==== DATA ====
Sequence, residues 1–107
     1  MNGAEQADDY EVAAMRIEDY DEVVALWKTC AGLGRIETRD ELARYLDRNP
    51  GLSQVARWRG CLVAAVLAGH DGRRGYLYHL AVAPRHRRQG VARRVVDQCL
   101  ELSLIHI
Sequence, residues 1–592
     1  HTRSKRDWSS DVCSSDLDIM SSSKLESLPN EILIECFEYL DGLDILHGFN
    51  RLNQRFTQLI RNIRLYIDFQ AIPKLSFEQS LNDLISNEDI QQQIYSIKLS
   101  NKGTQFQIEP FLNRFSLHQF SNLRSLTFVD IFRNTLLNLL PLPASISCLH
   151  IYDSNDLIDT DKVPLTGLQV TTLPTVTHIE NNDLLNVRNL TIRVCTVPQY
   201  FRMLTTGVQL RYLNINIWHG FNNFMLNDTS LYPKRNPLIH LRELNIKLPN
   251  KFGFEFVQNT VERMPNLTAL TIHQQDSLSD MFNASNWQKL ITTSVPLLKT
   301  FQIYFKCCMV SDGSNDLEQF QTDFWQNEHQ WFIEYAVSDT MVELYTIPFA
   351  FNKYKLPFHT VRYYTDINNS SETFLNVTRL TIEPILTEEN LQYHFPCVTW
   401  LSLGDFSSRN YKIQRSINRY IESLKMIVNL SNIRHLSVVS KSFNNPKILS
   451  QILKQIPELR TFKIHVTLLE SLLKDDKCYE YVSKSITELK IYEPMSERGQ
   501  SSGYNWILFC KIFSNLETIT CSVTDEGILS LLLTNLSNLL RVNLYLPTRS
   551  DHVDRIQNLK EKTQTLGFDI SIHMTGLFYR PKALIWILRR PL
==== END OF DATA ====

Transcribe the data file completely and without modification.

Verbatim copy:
Sequence, residues 1–107
     1  MNGAEQADDY EVAAMRIEDY DEVVALWKTC AGLGRIETRD ELARYLDRNP
    51  GLSQVARWRG CLVAAVLAGH DGRRGYLYHL AVAPRHRRQG VARRVVDQCL
   101  ELSLIHI
Sequence, residues 1–592
     1  HTRSKRDWSS DVCSSDLDIM SSSKLESLPN EILIECFEYL DGLDILHGFN
    51  RLNQRFTQLI RNIRLYIDFQ AIPKLSFEQS LNDLISNEDI QQQIYSIKLS
   101  NKGTQFQIEP FLNRFSLHQF SNLRSLTFVD IFRNTLLNLL PLPASISCLH
   151  IYDSNDLIDT DKVPLTGLQV TTLPTVTHIE NNDLLNVRNL TIRVCTVPQY
   201  FRMLTTGVQL RYLNINIWHG FNNFMLNDTS LYPKRNPLIH LRELNIKLPN
   251  KFGFEFVQNT VERMPNLTAL TIHQQDSLSD MFNASNWQKL ITTSVPLLKT
   301  FQIYFKCCMV SDGSNDLEQF QTDFWQNEHQ WFIEYAVSDT MVELYTIPFA
   351  FNKYKLPFHT VRYYTDINNS SETFLNVTRL TIEPILTEEN LQYHFPCVTW
   401  LSLGDFSSRN YKIQRSINRY IESLKMIVNL SNIRHLSVVS KSFNNPKILS
   451  QILKQIPELR TFKIHVTLLE SLLKDDKCYE YVSKSITELK IYEPMSERGQ
   501  SSGYNWILFC KIFSNLETIT CSVTDEGILS LLLTNLSNLL RVNLYLPTRS
   551  DHVDRIQNLK EKTQTLGFDI SIHMTGLFYR PKALIWILRR PL